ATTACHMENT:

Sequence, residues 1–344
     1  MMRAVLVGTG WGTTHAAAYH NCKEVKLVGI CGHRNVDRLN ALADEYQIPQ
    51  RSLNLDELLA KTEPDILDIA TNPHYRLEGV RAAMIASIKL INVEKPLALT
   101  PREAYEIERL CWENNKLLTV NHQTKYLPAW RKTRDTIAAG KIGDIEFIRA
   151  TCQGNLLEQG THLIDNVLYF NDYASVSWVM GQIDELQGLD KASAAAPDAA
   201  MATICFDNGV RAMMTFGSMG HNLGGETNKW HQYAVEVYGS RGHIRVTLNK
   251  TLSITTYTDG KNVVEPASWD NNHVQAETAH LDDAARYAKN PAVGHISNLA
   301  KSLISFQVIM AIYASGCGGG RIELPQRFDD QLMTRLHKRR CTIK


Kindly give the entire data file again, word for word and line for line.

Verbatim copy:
Sequence, residues 1–344
     1  MMRAVLVGTG WGTTHAAAYH NCKEVKLVGI CGHRNVDRLN ALADEYQIPQ
    51  RSLNLDELLA KTEPDILDIA TNPHYRLEGV RAAMIASIKL INVEKPLALT
   101  PREAYEIERL CWENNKLLTV NHQTKYLPAW RKTRDTIAAG KIGDIEFIRA
   151  TCQGNLLEQG THLIDNVLYF NDYASVSWVM GQIDELQGLD KASAAAPDAA
   201  MATICFDNGV RAMMTFGSMG HNLGGETNKW HQYAVEVYGS RGHIRVTLNK
   251  TLSITTYTDG KNVVEPASWD NNHVQAETAH LDDAARYAKN PAVGHISNLA
   301  KSLISFQVIM AIYASGCGGG RIELPQRFDD QLMTRLHKRR CTIK